Q: It is noted that the DRAGSTER will be published every other week. Is there a particular advantage to this?
A: Since one of the intents with the DRAGSTER is to produce a good appearing newspaper, it was felt inadvisable to attempt weekly publication. Neither was it deemed practical to solicit advertisers at this frequency, hence the DRAGSTER's every-other-Friday publication schedule.
Q: What strips will be featured in the new paper?
A: Editorial coverage and recognition in the DRAGSTER will be reserved for events sanctioned by National Hot Rod Association. As there are approximately 100 sanctioned strips located throughout the U.S. and in Canada, the responsibility for giving them all adequate coverage is a big one, and all efforts will be exerted in that behalf.
Q: What purpose do you feel another drag racing newspaper can fulfill?
A: Honest reporting, with up-to-date information based on sound fact, is a purpose in itself. We expect the editors and reporters of DRAGSTER to uphold these ideals and thereby help produce a better, more FUN type of sport with benefits for all concerned.
The third question points out that initially National DRAGSTER was published only every other week, which was the case for only the first two years, at which point we got into some really screwy frequencies. After 24 issues in 1960 and 1961, the staff produced 26 in 1962 and 1963 and 45 in 1964. In 1965, there were a whopping 52 issues, which was the schedule for three years before dropping to 51 for 1968 and 1969 and down to 49 for 1970, then up again to 51 from 1971 to 1973. From 1974 through 1981, 50 issues were produced each year before we settled on 48 issues.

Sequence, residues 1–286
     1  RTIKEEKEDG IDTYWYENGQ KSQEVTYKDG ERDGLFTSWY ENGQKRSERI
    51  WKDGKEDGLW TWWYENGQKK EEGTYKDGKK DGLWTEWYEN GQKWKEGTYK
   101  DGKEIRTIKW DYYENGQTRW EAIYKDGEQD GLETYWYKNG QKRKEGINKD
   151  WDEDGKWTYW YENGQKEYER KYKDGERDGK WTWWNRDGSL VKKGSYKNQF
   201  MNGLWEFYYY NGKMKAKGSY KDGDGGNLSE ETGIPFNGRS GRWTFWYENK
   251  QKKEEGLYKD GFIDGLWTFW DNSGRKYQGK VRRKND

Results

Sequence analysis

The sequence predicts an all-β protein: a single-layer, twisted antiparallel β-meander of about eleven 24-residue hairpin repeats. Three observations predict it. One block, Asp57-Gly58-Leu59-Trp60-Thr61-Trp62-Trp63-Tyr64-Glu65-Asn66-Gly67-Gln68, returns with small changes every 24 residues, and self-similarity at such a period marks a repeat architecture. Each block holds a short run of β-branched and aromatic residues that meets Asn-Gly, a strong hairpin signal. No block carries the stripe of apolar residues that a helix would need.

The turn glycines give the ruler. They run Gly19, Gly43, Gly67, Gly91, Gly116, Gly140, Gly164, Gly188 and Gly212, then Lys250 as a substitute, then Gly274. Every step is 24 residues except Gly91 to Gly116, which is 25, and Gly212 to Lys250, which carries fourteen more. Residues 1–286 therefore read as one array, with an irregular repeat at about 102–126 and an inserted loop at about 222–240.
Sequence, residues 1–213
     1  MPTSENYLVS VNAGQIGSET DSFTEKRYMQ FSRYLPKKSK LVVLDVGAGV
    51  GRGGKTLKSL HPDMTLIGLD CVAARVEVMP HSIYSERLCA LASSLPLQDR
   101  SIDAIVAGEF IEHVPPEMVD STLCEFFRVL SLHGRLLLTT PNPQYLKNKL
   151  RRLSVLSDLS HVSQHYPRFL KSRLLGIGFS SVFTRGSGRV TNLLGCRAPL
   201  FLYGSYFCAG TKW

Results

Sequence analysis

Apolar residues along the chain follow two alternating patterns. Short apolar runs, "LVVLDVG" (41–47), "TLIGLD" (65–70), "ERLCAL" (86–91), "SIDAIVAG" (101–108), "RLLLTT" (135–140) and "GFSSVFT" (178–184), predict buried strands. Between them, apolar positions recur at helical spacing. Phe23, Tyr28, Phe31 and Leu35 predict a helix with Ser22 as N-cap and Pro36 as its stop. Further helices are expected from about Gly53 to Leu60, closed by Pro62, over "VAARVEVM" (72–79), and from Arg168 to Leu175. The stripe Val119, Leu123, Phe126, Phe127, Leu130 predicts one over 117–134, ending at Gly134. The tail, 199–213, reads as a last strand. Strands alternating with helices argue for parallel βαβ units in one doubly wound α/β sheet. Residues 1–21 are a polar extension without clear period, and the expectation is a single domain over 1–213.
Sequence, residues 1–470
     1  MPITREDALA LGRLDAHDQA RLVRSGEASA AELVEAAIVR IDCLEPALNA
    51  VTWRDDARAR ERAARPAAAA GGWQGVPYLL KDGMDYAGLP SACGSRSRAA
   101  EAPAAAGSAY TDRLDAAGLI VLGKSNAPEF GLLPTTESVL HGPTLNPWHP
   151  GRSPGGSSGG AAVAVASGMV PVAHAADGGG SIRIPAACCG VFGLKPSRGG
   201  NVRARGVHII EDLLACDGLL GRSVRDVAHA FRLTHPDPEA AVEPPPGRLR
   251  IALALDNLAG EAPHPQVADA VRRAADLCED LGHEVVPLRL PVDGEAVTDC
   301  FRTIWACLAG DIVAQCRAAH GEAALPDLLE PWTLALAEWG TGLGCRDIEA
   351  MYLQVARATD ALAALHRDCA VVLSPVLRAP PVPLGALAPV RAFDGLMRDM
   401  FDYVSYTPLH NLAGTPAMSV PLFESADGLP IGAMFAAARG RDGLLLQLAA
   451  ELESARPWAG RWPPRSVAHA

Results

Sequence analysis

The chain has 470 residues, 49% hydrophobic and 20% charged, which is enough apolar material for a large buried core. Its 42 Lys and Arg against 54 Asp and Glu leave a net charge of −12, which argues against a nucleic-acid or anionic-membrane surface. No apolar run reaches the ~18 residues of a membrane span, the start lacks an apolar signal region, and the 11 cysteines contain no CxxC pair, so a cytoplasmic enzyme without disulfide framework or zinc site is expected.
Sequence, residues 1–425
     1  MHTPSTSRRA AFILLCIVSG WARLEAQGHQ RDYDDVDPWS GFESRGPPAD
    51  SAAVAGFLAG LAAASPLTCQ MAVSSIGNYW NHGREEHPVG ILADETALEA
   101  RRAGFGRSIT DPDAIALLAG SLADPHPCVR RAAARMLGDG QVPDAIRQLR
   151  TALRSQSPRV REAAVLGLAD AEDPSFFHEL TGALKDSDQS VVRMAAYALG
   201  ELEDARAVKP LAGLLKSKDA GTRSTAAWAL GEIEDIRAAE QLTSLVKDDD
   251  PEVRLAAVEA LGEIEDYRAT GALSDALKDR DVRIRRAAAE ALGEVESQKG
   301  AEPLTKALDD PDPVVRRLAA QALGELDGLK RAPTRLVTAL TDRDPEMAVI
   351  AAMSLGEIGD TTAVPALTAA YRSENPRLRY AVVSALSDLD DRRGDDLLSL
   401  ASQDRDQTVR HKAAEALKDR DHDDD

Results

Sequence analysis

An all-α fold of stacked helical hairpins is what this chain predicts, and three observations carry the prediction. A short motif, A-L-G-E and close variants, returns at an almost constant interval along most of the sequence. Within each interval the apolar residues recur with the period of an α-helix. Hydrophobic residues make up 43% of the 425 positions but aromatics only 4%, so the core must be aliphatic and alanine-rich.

Today, those four weeks – typically slow news weeks with little or no racing -- are not only about recharging the batteries but also used for production of special publications such as the annual Fan Guide and other projects.
A week ago today, on Thanksgiving Day, I wrote in this space about heroes we've lost this year, and then the phone rang Tuesday with the sad news that we'd lost 1958 Nationals champ Ted Cyr, adding yet another sad marker to the season.
It was Steve Gibbs on the line, and Cyr was one of his all-time heroes as well as a close friend. "We all have our heroes, and Ted was one of mine from day one," Gibbs shared with members of our e-mail group. "Ted was among the very best drag racers to ever go down the strip."